Wednesday, May 19, 2010

Let's not blame Jerry Manuel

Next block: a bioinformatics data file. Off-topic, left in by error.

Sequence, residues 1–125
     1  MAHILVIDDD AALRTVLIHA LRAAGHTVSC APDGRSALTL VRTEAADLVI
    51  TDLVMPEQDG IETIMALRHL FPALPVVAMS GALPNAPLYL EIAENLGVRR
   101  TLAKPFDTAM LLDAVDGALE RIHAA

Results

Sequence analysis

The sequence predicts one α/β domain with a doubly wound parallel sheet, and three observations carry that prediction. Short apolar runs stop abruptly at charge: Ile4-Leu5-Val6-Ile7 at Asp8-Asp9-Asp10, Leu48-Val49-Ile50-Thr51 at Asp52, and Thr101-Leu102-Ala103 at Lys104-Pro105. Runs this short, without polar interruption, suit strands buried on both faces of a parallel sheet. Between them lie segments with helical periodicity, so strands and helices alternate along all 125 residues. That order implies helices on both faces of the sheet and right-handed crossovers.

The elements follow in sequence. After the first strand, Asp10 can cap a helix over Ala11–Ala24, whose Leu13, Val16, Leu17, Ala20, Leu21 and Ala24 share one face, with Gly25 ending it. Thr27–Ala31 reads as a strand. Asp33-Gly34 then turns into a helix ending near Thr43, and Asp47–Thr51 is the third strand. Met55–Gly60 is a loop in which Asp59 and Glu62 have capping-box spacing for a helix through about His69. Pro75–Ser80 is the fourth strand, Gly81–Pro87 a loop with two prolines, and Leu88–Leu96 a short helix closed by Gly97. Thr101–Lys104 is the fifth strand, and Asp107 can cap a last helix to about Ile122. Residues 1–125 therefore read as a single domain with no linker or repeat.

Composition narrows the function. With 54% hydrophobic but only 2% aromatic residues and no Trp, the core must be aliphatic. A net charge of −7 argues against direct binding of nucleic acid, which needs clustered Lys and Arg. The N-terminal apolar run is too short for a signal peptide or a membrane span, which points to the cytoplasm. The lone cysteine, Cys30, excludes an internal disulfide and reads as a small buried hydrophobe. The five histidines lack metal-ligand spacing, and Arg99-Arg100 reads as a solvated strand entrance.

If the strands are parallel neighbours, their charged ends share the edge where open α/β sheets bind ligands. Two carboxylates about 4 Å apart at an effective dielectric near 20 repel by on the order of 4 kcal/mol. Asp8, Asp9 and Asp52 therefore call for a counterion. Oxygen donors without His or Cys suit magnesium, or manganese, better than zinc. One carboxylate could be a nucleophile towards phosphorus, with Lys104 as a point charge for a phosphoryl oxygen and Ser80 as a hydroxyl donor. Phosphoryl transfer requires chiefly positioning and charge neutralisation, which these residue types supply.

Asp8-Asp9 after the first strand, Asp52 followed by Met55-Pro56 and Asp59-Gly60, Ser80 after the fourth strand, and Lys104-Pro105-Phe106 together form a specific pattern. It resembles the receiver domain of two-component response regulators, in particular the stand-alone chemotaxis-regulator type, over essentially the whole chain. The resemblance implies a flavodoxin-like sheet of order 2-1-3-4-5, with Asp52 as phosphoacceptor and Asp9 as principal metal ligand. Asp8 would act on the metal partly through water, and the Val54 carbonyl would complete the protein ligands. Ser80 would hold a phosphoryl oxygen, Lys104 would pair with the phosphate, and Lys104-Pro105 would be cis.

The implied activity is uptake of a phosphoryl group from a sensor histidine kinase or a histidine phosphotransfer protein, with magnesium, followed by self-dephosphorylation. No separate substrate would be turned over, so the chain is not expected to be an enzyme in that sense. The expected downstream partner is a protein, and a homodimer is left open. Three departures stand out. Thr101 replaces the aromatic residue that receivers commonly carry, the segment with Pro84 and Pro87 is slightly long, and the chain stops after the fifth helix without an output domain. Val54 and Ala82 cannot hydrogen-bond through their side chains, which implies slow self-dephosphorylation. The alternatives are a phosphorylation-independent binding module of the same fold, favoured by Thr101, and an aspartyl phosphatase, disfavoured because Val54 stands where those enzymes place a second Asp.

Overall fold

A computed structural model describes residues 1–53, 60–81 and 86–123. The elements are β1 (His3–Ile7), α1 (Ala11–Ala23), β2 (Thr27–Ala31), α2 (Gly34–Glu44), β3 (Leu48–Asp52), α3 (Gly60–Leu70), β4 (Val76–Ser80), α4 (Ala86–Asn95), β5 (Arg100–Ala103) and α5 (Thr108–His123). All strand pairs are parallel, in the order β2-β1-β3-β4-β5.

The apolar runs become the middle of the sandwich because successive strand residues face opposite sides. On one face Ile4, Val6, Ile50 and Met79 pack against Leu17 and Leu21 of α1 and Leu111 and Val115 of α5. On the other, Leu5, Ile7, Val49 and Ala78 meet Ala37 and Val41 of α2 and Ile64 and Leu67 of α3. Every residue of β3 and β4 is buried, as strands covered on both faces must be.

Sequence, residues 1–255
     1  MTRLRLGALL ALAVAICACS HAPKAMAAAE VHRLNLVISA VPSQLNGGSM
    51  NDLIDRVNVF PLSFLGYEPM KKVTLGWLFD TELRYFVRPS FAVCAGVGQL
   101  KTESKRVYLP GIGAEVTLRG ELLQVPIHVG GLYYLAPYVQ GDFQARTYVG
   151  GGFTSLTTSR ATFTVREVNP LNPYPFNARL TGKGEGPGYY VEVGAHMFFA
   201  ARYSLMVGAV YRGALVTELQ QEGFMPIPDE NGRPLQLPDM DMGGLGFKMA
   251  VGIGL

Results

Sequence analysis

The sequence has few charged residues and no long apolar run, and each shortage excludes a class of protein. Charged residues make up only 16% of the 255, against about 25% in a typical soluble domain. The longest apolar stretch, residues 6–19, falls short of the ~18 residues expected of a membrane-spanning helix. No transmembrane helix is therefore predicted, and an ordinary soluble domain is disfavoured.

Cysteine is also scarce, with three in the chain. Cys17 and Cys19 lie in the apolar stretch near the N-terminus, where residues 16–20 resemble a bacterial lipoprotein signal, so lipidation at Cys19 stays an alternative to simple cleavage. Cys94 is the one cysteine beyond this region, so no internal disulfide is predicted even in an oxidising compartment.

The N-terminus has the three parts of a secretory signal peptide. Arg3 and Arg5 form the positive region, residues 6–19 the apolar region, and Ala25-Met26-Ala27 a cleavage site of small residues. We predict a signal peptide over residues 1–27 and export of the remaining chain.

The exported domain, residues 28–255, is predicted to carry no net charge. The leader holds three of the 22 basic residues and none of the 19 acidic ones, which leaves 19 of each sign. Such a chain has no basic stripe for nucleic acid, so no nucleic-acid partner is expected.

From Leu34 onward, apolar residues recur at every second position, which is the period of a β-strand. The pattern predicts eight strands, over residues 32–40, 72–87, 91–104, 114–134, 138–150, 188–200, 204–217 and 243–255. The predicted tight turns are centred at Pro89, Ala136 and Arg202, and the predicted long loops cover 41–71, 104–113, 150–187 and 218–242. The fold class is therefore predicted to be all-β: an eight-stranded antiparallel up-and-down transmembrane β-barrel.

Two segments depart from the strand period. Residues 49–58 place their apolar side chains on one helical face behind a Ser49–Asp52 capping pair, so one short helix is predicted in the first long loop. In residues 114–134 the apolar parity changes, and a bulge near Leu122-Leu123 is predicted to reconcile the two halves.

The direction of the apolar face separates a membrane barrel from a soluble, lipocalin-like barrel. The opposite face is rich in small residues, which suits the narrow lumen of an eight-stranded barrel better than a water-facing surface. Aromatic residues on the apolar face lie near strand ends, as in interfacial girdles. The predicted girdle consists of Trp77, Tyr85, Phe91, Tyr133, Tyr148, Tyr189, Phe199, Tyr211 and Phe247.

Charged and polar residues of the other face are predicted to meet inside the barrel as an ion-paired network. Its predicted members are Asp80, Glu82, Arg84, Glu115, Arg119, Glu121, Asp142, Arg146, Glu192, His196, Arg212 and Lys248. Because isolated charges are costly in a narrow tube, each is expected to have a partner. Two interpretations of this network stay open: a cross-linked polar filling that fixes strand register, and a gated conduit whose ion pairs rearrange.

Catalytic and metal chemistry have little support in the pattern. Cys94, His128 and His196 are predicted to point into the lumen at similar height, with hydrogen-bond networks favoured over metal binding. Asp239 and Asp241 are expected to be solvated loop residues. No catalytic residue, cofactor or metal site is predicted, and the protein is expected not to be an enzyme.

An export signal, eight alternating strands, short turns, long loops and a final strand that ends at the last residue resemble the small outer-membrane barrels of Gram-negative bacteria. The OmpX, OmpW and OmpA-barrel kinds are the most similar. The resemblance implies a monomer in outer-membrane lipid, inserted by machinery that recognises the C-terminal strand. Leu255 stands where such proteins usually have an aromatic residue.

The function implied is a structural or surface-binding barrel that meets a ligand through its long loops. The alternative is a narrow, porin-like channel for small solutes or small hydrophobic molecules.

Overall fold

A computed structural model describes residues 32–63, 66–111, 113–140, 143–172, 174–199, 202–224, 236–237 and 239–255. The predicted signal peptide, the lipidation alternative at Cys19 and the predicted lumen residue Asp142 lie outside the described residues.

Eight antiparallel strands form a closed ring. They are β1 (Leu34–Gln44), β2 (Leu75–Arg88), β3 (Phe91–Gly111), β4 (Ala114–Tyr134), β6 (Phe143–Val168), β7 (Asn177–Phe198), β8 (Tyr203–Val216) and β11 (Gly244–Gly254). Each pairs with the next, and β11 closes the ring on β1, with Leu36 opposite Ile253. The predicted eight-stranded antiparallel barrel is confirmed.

As every baseball manager knows, getting fired is part of the territory. Jerry Manuel, who is on every talk radio, print media, and blog hot seat, deserves better. Ever since Endy Chavez made his spectacular catch in the sixth inning of game seven of the 2006 NLCS, the Mets have done nothing but disappoint their fan base. Age, Injuries, and inconsistent play from their young players, have all contributed. When the Mets blew a seven game lead with seventeen to play in 2007, we should have known better. Three fifths of their starting rotation was made up of a pair of 41 year olds (Glavine and El Duque) and a rookie (Mike Pelfrey). You just can't win without a legitimate, in his prime, ace. So Omar traded for one in Johan Santana. Genius! He also tried to upgrade the defense by acquiring good gloves in blossoming OF Ryan Church and Catcher Brian Schneider. We all know what happened. The Mets got off to a slow start, and Manager Willie Randolph was fired. Jerry Manuel took over after 69 games and actually had a 3-1/2 game lead with 17 left to play. This despite closer Billy Wagner blowing out his arm in August. Starting Pitcher John Maine was injured. And the other starters (with the exception of Johan and Pelfrey) couldn't get past the sixth inning. This put pressure on the Wagner less Mets. It was the bullpen collapse of 2008, so Omar Minaya thought he fixed that with a bold winter meeting trade, acquiring former all star closer J.J. Putz, and signing the all time single season record holder for saves, Frankie Rodriguez. Everyone applauded. 2009 would be different. Well, it only got worse! Injuries, injuries, injuries! The Mets just can't get it right the last three and a half years. But in this curious case that is the New York Mets, the blame can be put squarely on the shoulders of the players. Are we suppose to blame Jerry Manuel for David Wright's sudden penchant for swinging at every slider outside the strike zone? How about Jason Bay and his one home run? Jose Reyes, layoff not withstanding, hitting a robust .216? Or how about an Ollie Perez, who once was wildly inconsistent, but is now just plain consistently bad. I don't blame Jerry. On paper, even without Carlos Beltran, the Mets should have enough offense to win with the quality of the pitching they have been getting. Johan Santana could easily have a 6 and 2 record right now. What the Mets have been doing is finding a way to lose tight ballgames and more often than not a lack of offense has been the culprit. Here are some numbers to digest. The Mets have a combined 4 HR's and 33 RBI from the number three and four hitters. COMBINED! Their pinch hitters are hitting a collective .209. The team average with runners in scoring position is .237 and with two outs it drops to .227. The biggest indicator is the team's road average which sits at .217 with a pathetic .281 on base percentage and a disgusting .339 slugging percentage. I guess that explains the 5 and 13 won-loss record on the road. So much for blaming Citifield or the manager.

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